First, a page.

In some ways, this failure to look at roleplaying as a technical hurdle for intelligence is strange. D&D was a key cultural touchstone for technologists in the 1980s and the inspiration for many early text-based computer games, as Katie Hafner and Matthew Lyon point out in Where Wizards Stay up Late: The Origins of the Internet (1996). Even today, AI researchers who play games in their free time often mention D&D specifically. So instead of beating adversaries in games, we might learn more about intelligence if we tried to teach artificial agents to play together as we do: as paladins and elf rangers.

This article was originally published at Aeon and has been republished under Creative Commons.

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#432433 Just a Few of the Amazing Things AI Is ...

In an interview at Singularity University’s Exponential Medicine in San Diego, Neil Jacobstein shared some groundbreaking developments in artificial intelligence for healthcare.

Jacobstein is Singularity University’s faculty chair in AI and robotics, a distinguished visiting scholar at Stanford University’s MediaX Program, and has served as an AI technical consultant on research and development projects for organizations like DARPA, Deloitte, NASA, Boeing, and many more.

According to Jacobstein, 2017 was an exciting year for AI, not only due to how the technology matured, but also thanks to new applications and successes in several health domains.

Among the examples cited in his interview, Jacobstein referenced a 2017 breakthrough at Stanford University where an AI system was used for skin cancer identification. To train the system, the team showed a convolutional neural network images of 129,000 skin lesions. The system was able to differentiate between images displaying malignant melanomas and benign skin lesions. When tested against 21 board–certified dermatologists, the system made comparable diagnostic calls.

Pattern recognition and image detection are just two examples of successful uses of AI in healthcare and medicine—the list goes on.

“We’re seeing AI and machine learning systems performing at narrow tasks remarkably well, and getting breakthrough results both in AI for problem-solving and AI with medicine,” Jacobstein said.

He continued, “We are not seeing super-human terminator systems. But we are seeing more members of the AI community paying attention to managing the downside risk of AI responsibly.”

Watch the full interview to learn more examples of how AI is advancing in healthcare and medicine and elsewhere and what Jacobstein thinks is coming next.

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#432431 Why Slowing Down Can Actually Help Us ...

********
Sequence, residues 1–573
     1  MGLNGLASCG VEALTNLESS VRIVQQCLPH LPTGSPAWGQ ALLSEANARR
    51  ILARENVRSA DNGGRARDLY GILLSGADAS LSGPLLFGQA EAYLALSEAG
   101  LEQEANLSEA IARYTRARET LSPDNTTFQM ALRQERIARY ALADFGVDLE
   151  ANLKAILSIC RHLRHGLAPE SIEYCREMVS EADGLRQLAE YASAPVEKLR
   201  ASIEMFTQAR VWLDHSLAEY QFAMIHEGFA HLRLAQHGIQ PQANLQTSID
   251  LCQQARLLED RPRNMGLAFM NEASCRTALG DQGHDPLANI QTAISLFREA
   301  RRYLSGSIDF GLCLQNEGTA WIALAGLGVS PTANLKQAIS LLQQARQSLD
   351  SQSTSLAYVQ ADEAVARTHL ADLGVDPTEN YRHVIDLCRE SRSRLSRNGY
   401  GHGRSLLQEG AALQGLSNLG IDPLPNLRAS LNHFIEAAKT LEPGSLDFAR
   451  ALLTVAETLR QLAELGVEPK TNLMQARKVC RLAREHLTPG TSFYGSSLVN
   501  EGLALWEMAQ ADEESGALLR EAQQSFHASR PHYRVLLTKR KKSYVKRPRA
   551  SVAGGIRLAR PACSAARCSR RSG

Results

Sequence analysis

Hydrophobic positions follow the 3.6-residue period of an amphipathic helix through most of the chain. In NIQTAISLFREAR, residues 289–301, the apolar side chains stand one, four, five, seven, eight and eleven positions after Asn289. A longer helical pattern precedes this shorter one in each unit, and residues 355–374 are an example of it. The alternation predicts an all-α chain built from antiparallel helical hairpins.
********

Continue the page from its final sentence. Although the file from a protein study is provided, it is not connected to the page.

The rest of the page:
Leah Weiss believes that when we pay attention to how we do our work—our thoughts and feelings about what we do and why we do it—we can tap into a much deeper reservoir of courage, creativity, meaning, and resilience.

As a researcher, educator, and author, Weiss teaches a course called “Leading with Compassion and Mindfulness” at the Stanford Graduate School of Business, one of the most competitive MBA programs in the world, and runs programs at HopeLab.

Weiss is the author of the new book How We Work: Live Your Purpose, Reclaim your Sanity and Embrace the Daily Grind, endorsed by the Dalai Lama, among others. I caught up with Leah to learn more about how the practice of mindfulness can deepen our individual and collective purpose and passion.

Lisa Kay Solomon: We’re hearing a lot about mindfulness these days. What is mindfulness and why is it so important to bring into our work? Can you share some of the basic tenets of the practice?

Leah Weiss, PhD: Mindfulness is, in its most literal sense, “the attention to inattention.” It’s as simple as noticing when you’re not paying attention and then re-focusing. It is prioritizing what is happening right now over internal and external noise.

The ability to work well with difficult coworkers, handle constructive feedback and criticism, regulate emotions at work—all of these things can come from regular mindfulness practice.

Some additional benefits of mindfulness are a greater sense of compassion (both self-compassion and compassion for others) and a way to seek and find purpose in even mundane things (and especially at work). From the business standpoint, mindfulness at work leads to increased productivity and creativity, mostly because when we are focused on one task at a time (as opposed to multitasking), we produce better results.